Regulating an RNA switch for cellular differentiation

11 November 2012

Scientists at NIMR have dissected a molecular mechanism used to regulate the tumor suppressor let-7 microRNA. The research is published in Nature Structural & Molecular Biology.

Let-7 microRNA acts as an on-off switch for cellular differentiation. In humans, let-7 functions as a major tumor suppressor and its concentration in the cell must be tightly regulated. The post-transcriptional regulation of Let-7 relies on proteins that bind to the terminal nucleic acid loop structure of the let-7 precursor RNA and either increase or decrease the efficiency of subsequent processing steps in let-7 biogenesis.

Scientists in the group of Andres Ramos (pictured), in collaboration with Steve Martin, in the Division of Physical Biochemistry, Geoff Kelly of the MRC Biomedical NMR Center, and colleagues at the Italian Cancer Institute in Genoa, have shown how the K-homology splicing regulatory protein (KSRP), which performs multiple roles in RNA regulation, recognizes an unusual G-rich sequence in the apical loop of the let-7 microRNA precursor. This non-canonical KH-RNA interaction increases the amount of the functional let-7 microRNA tumor suppressor in the cell and is prevented by binding of the repressor Lin28. Our results indicate that this competition is mediated by a conformational switch in the RNA loop that masks the nucleo-bases targeted by KSRP.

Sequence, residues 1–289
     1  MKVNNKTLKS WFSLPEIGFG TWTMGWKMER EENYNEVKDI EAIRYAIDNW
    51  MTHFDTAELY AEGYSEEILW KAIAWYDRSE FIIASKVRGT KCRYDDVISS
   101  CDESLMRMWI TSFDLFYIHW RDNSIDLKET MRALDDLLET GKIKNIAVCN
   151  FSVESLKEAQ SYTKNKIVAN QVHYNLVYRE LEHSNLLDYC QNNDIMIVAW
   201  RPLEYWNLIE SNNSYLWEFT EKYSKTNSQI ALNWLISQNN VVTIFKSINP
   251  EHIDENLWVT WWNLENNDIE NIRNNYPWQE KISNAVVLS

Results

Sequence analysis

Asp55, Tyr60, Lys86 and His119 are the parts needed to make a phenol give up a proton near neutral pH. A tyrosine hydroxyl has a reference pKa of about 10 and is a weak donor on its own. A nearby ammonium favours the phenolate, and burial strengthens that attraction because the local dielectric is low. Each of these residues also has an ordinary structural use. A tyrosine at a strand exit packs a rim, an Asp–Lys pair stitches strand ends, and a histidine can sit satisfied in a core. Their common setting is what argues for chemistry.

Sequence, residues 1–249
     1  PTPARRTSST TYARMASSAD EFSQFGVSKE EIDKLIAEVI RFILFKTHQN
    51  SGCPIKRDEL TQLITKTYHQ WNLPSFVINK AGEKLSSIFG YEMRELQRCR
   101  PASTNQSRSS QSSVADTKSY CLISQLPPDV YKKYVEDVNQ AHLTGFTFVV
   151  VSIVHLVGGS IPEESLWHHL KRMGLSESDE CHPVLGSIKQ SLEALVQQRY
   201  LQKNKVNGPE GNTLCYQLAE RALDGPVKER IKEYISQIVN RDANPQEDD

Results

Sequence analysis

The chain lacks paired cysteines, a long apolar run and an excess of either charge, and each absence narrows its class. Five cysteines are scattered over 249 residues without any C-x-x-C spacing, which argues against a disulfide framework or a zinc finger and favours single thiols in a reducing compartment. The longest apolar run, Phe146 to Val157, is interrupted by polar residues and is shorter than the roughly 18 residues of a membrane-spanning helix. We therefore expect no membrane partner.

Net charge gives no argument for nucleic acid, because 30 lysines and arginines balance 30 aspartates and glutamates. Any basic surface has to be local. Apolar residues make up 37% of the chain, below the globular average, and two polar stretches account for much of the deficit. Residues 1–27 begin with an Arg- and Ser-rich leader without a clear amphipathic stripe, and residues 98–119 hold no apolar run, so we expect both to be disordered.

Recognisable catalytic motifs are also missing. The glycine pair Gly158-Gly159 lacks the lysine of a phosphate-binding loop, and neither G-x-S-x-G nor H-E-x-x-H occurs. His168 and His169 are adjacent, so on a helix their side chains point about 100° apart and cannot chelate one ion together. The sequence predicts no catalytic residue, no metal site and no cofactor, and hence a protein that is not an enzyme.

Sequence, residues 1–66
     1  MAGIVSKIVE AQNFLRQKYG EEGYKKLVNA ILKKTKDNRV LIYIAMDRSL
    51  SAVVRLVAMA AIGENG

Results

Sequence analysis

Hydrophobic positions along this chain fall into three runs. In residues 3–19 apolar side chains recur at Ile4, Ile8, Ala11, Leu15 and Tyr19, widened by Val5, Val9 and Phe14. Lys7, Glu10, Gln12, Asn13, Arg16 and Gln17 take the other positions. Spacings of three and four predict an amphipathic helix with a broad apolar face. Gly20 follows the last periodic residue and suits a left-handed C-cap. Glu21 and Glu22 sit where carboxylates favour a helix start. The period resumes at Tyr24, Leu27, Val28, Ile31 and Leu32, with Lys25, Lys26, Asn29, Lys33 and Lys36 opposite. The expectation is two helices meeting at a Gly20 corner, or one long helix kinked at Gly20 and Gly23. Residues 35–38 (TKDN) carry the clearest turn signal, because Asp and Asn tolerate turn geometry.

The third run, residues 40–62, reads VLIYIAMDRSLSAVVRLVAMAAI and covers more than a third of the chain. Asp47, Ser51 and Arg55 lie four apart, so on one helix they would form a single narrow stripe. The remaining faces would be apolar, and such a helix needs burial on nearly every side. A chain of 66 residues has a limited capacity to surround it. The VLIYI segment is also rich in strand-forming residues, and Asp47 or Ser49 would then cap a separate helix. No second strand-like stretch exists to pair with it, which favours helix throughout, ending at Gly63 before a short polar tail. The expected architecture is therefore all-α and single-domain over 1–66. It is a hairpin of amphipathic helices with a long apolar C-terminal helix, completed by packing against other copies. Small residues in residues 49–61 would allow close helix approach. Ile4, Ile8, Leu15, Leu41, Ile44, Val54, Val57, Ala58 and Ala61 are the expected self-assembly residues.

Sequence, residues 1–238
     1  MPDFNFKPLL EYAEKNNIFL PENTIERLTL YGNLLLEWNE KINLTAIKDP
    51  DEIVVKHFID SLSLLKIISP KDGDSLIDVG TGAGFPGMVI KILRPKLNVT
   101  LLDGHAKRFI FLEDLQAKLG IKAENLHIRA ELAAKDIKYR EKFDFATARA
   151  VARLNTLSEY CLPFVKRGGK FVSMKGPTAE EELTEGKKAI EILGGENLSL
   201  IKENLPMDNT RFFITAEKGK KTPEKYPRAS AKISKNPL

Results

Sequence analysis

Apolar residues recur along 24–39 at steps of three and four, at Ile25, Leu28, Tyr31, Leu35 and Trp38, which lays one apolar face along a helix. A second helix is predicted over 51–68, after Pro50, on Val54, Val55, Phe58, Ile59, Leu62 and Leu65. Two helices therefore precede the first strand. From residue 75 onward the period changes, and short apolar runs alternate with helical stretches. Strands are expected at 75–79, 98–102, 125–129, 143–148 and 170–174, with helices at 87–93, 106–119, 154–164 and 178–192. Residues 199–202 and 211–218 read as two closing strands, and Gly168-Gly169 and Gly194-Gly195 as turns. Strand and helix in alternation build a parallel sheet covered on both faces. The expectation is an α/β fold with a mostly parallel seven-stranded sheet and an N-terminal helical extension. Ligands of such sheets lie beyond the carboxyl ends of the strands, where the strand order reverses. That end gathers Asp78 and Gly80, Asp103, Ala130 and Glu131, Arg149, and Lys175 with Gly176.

Let-7 directly regulates the expression of the RAS, HMGA2 and MYC oncogenes. Our work suggests that freezing the structure of the apical loop in the conformation accessible by KSRP would simultaneously block repression by Lin28 and increase activation by KSRP representing an effective way to up-regulate the cellular concentration of the tumor suppressor let-7 microRNA.

Andres Ramos

Figure 1

Figure 1

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Regulation of miRNA biogenesis by KSRP.

Figure 2

Figure 2

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Left. In KH3 recognition of the miRNA precursor the RNA G4 make Watson-Crick-like contacts with the protein backbone and side chains.
Right. Structure-driven point mutations of the protein change the domain specificity and impair its capability to up-regulate miRNA in functional assays.

Original article

Giuseppe Nicastro, María Flor García-Mayoral, David Hollingworth, Geoff Kelly, Stephen R Martin, Paola Briata, Roberto Gherzi & Andres Ramos (2012)

Noncanonical G recognition mediates KSRP regulation of let-7 biogenesis

Nature Structural & Molecular Biology, Epub ahead of print Publisher abstract

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